The Vice-Chancellor, the University of Ibadan, Prof Kayode Adebowale, along with other influential figures in the education sector, has expressed dissatisfaction with the inadequate financial support provided by the federal government to the institution.
They called upon the alumni association for assistance during the orientation programme for alumni relations representatives, themed “Building a 21st Century Alumni Community,” held at Trenchard Hall of UI.
The alumni association’s involvement, alongside other stakeholders, has been recognised as a solution to the declining funding of Nigerian universities by the FG over the past decade.
Distinguished speakers at the event included Kayode Adebowale, the vice-chancellor of the university; Abib Olamitoye, the former president of the Ibadan College of Medicine Alumni Association (ICOMAA) Worldwide and founder of Ibadan Central Hospital (ICH) and Academy Suites; Peter Olapegba, the director of the Office of Alumni Relations, UI; and Fatai Adeniyi, the deputy provost of the College of Medicine, UI.
During the orientation programme, Adebowale, who chaired the event, stressed the importance of universities seeking internal resources and establishing stronger connections with their alumni communities to complement the funding provided by their owners.
He acknowledged the continuous reduction in funding from the FG over the past decade and emphasised that “universities worldwide cannot solely rely on their owners’ funding.”
“In this case, the Federal Government serves as the university’s owner,” he said.
Adebowale highlighted the need to deepen relationships with alumni to encourage them to contribute to the university’s development.
Abib Olamitoye, the lead speaker at the technical session, shared his experience as the former president of ICOMAA and highlighted the successful establishment of a 21st century alumni community for the College of Medicine, University of Ibadan.
He mentioned that “ICOMAA is currently constructing a new hall worth N2.5 billion for medical students in the University College Hospital (UCH), Ibadan.”
Olamitoye also mentioned the generous donation of US$1 million from his coursemate, Phillip Ozuah, based in the United States, for the alumni hostel within UCH.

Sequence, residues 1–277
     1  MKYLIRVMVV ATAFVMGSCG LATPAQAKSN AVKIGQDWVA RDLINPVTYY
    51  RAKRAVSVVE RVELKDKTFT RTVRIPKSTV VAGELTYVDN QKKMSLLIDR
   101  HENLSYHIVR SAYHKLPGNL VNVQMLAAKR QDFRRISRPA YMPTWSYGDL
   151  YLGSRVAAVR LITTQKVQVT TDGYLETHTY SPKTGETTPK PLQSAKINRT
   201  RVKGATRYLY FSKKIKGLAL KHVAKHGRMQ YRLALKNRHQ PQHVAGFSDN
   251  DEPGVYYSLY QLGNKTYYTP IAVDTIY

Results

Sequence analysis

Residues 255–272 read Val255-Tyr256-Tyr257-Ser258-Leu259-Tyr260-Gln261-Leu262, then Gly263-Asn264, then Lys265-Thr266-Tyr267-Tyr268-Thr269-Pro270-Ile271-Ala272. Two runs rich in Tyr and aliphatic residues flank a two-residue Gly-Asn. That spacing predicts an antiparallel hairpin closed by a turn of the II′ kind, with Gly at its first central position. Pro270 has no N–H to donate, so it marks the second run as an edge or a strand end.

He further expressed pride in ICOMAA’s achievement of raising over N700 million in support of the project from other alumni.
Olamitoye acknowledged the vast number of successful individuals the University of Ibadan has produced over the years, including governors, ministers, and entrepreneurs, many of whom are based in the diaspora. He stressed the importance of reaching out to these alumni, raising awareness about the significance of contributing to their alma mater’s development, and encouraging them to give back to the institution.
Peter Olapegba, the director of the Office of Alumni Relations, explained the concept of alumni relations as maintaining lifelong connections with graduates of the university.
He highlighted that “in advanced countries, alumni contribute approximately one-third of the annual revenue generated by their respective institutions.”
Olapegba emphasised the need to leverage the alumni base to improve funding at the university, noting that alumni have a vested interest in the university’s sustainability and the maintenance of high standards.
Fatai Adeniyi, the deputy provost of the College of Medicine, UI, echoed the significance of the alumni community in securing enhanced funding for the university.
He cautioned that “any funding requests to the alumni should focus on addressing student challenges rather than staff welfare.”